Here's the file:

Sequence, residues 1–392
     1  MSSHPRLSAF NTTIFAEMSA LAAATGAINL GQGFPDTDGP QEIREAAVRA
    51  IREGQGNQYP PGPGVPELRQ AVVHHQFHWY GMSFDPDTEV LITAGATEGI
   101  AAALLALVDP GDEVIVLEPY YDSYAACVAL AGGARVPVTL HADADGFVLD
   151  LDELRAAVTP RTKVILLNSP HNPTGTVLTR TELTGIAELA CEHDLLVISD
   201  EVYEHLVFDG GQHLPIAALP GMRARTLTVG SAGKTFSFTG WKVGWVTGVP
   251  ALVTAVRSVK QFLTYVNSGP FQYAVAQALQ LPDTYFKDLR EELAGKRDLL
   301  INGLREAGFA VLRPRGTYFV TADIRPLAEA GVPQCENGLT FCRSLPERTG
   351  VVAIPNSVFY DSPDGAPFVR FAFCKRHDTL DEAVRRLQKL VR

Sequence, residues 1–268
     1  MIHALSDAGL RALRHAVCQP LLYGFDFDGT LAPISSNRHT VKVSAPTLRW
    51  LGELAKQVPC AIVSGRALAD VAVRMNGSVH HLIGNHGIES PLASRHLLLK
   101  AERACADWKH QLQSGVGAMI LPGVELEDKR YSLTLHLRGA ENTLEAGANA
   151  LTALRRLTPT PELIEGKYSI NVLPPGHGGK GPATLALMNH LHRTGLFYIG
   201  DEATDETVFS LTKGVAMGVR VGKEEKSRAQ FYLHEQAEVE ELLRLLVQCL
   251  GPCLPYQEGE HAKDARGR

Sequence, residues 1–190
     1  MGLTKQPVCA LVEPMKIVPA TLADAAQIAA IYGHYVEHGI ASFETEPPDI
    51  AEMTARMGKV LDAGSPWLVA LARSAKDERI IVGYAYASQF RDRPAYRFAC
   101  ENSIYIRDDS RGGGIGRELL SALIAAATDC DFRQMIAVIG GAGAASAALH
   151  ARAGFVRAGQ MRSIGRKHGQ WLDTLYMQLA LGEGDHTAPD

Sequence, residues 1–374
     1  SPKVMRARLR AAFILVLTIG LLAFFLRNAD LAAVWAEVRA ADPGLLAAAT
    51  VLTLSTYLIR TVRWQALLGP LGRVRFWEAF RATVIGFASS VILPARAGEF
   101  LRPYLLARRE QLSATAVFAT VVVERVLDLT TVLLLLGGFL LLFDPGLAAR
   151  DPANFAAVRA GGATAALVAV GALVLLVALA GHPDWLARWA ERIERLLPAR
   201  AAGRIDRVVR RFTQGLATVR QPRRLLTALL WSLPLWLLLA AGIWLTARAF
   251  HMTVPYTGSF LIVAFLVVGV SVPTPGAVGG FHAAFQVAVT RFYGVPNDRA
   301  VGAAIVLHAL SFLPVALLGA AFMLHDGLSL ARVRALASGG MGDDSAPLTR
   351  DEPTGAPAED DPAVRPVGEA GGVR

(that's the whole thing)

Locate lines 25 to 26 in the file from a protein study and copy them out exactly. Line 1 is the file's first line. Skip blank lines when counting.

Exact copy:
   101  LRPYLLARRE QLSATAVFAT VVVERVLDLT TVLLLLGGFL LLFDPGLAAR
   151  DPANFAAVRA GGATAALVAV GALVLLVALA GHPDWLARWA ERIERLLPAR